Ten years later, John and Yoko’s album Double Fantasy had just come out, and Jonathan Cott had done an interview with John for Rolling Stone. I photographed them at their apartment in the Dakota early in December, and then a few days later I came back with something specific in mind. John and Yoko were exchanging a kiss on the cover of the new album. It was a simple kiss in a jaded time. I thought about how people curl up together in bed, and I asked them to pose nude in an embrace. They had never been embarrassed about taking their clothes off. There was frontal nudity on die cover of Two Virgins, the first record they did together. They were artists. John had no problem with my idea, but Yoko said she didn’t want to take her pants off for some reason. So I said, “Oh, leave everything on.”

I made a Polaroid of them lying together and John looked at it and said, “You’ve captured our relationship exactly.” He had just spent live years being what he referred to as a house husband, taking care of their young son, Sean, and the new album was his return to a musical career. He took me aside and said that he knew that the magazine wanted just a picture of him. On the cover but that he wanted Yoko on the cover too. He said it was really important.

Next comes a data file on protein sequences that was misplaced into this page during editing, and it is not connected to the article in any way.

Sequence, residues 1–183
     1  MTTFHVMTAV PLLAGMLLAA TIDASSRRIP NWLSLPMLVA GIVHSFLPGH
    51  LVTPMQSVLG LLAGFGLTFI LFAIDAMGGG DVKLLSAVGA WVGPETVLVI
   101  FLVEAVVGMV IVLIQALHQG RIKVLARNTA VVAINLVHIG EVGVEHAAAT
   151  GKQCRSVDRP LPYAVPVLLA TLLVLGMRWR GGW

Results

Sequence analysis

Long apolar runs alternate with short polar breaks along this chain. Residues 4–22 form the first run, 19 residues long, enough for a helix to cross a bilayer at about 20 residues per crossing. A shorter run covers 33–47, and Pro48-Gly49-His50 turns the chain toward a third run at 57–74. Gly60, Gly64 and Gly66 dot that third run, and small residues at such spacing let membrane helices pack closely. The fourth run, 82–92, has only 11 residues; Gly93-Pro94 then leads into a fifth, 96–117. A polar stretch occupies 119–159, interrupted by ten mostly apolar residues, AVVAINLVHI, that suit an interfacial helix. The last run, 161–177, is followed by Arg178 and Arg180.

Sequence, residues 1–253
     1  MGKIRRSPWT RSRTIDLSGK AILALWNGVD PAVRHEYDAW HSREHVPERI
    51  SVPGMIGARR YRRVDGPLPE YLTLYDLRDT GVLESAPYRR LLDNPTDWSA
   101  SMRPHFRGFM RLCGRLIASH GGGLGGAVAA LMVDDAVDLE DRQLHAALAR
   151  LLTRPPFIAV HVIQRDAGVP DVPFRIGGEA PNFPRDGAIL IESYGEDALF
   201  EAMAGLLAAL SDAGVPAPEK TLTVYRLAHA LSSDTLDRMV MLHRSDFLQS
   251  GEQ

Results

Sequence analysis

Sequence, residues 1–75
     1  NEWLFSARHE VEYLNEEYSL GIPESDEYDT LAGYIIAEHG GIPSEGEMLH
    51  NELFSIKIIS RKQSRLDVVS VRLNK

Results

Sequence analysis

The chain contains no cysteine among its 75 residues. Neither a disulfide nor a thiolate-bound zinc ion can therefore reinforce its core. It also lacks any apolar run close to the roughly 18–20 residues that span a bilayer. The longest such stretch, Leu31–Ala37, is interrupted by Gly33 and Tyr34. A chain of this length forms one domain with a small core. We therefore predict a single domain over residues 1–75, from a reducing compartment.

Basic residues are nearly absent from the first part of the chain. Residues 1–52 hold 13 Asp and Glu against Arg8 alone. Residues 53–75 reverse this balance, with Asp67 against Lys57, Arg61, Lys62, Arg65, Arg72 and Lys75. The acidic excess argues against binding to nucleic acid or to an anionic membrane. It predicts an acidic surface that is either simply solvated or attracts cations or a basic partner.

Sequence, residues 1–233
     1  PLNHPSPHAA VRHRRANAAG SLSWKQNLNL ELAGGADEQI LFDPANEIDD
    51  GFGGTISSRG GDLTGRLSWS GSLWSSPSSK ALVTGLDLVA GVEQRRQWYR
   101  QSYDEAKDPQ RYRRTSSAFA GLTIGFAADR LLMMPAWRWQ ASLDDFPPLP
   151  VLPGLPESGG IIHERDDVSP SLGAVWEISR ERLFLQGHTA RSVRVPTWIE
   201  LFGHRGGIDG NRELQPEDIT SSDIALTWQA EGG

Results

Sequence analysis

The photograph was taken in the late afternoon in a room overlooking Central Park. We were going to get together later to go over the transparencies, but that night, as John was returning home from a recording session, a deranged fan shot him. I heard the news from Jann. John had been taken to Roosevelt Hospital, and I went there and took a few pictures of the crowd that had gathered. Around midnight, a doctor came out. I stood on a chair and photographed him announcing that John was dead. Then I went back to the Dakota and stood with the mourners holding candles.

The picture looks like a last kiss now. Jann decided to publish it on the cover with no type on it except for the Rolling Stone logo. When I went to John and Yoko’s apartment to show Yoko a mock-up, she was lying in bed in a dark room. She said she was pleased with what we had done.